As a first gain from the sale of the heroin, the simple motorbikes on which Wyatt and Hilly were riding at the start of the picture are replaced by a pair of the biggest, flashiest, most expensive motorcycles ever to fill the male American heart with envy. It is on these splendid vehicles—Fonda-Wyatt’s is decorated with a splash of American flag—that the two men now begin their beautiful journey from California to near New Orleans, where their trip will be suddenly and violently cut off. It is a handsome travelogue, this West to East tour of the Southwestern United States. And we are no doubt the more moved by the loveliness and variety of the country because it is offered to us as the stage on which two people already certified as heroes of dissidence are about to act out their fate. Too, this is an America whose purity has not been polluted.

The landscape of Easy Rider would seem to have known no human desecration other than the building of the highways which Wyatt and Billy ride— they pass no cars, no buses, no billboards or roadside stands or motels. When there is any form of human encounter, which is rare, it is played for its symbolic meaning.

Thus, the two young riders stop at a lone ranch for repairs on one of the motorcycles. The rancher is shoeing a horse, and in his barn the wheel on which the camera fixes its editorializing gaze is that of a wagon. But even the farm itself is something of an anomaly in Fonda and Hopper’s vision of the American West: we have been shown no other such instances of human enterprise. And indeed, the rancher inhabits a boundless universe; the land is his as far as the eye can see—what the film appears to be asking us is why, in an America this big and empty, we crowd as we do in our cities. He receives the two strangers at his table and within his family in the kind of openness and trust which consorts with the freedom and openness of the life he lives. His wife serves him in sweet docility, surrounds him with the happy-faced children she breeds for him. In a brief colloquy over their meal—in the idyllic imagination of Easy Rider farmers eat their meals at picnic tables set outdoors—Wyatt inquires whether all this vast spread belongs to the farmer, and he receives his host’s assurance that it does. It is a good life to live, is Fonda-Wyatt’s comment, and it is of course our response as well.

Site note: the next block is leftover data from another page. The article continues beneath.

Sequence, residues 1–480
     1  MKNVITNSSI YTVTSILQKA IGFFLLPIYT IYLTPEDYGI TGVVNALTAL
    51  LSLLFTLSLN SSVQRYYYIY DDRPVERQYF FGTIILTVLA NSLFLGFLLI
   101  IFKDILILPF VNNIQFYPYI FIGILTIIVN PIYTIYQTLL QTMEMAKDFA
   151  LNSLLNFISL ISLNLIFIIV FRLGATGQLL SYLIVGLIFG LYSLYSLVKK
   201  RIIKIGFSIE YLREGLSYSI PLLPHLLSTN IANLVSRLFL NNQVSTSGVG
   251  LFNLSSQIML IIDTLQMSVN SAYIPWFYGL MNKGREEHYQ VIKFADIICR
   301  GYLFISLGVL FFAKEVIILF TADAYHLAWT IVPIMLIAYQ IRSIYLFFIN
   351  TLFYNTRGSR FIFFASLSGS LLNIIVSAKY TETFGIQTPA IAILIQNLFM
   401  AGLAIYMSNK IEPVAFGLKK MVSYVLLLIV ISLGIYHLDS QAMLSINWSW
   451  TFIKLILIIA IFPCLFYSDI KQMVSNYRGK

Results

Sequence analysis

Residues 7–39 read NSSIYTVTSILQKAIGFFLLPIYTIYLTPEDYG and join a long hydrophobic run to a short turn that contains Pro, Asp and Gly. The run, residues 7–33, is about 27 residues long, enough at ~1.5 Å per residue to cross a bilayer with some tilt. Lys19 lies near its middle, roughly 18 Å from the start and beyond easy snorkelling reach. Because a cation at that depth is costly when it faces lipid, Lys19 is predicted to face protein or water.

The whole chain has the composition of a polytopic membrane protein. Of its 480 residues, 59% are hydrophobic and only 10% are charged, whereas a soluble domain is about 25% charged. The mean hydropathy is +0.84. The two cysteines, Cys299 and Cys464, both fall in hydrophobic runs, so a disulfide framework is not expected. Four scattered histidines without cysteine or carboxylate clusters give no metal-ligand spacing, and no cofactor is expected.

A counterpoint to this scene is provided very little later in the film when Wyatt and Billy, once again on the road, pick up a traveler—his style is not unlike their own—who takes them to his rural commune. Until now, Easy Rider has engaged in considerable conscious evasion: it has not told us where its two main characters come from or where they are going, what drug they have trafficked in or what use they plan to make of the money they earned by its sale, or, for that matter, what in their previous personal or social experience has brought them to their present condition. But now the film becomes not so much mystifying as surrealist. The commune contains some thirty or more young people and a few small children who all live together in what is no doubt meant to represent an entire goodness and harmony, each pursuing his concern. Playacting appears to be one of the group occupations: we see bits of miming in the manner of the guerrilla theater and even a rude outdoor stage. There is also a prayer scene similar to the Thanksgiving devotions in Alice’s Restaurant; I took it, perhaps wrongly, to be an appeal for rain to water the crops—for it is a gentle point of this commune sequence that these young people would wish to grow their food but do not know how, their unnatural modern upbringings having cut them off from the vital springs of life: dazed but intent, they stamp barefoot upon the unharrowed, even unplowed, ground on which they have dropped the seed. Drugs are not mentioned; for one viewer, they were nevertheless omnipresent in the appearance and behavior of the members of the commune. There is a moment when the camera circles the group, moving slowly from one vacant-eyed face to the next: they are the faces of madness, of a perhaps irremediable break with reality, or so they looked to me, but I am afraid that what I saw was not necessarily what the makers of the film intended. Before Wyatt and Billy again take to the road, they have an innocent naked romp in a nearby stream with two of the commune girls.

The beautiful journey resumes. At the end of each day’s run Wyatt and Billy camp at the roadside. We do not discover them buying or preparing their food, washing themselves or their clothes, or even actually building the fires over which they sit at night, quietly smoking their pot, quietly getting stoned. The inessentials of life have been eliminated to reveal life’s essential joyous simplicity— obviously the two men supply each other with the kind of companionship in which marijuana is said to make its happiest effect: at any rate, they laugh together for no apparent reason. And if there is any doubt in the viewer’s mind as to what it is that provides this nightly relaxation, it is nicely dispelled when the two men offer a cigarette to a drunk they have picked up who refuses it in terror—hasn’t he, he asks, enough trouble already with the booze? Wyatt can reassure him: this anodyne has no devil in it as whiskey does.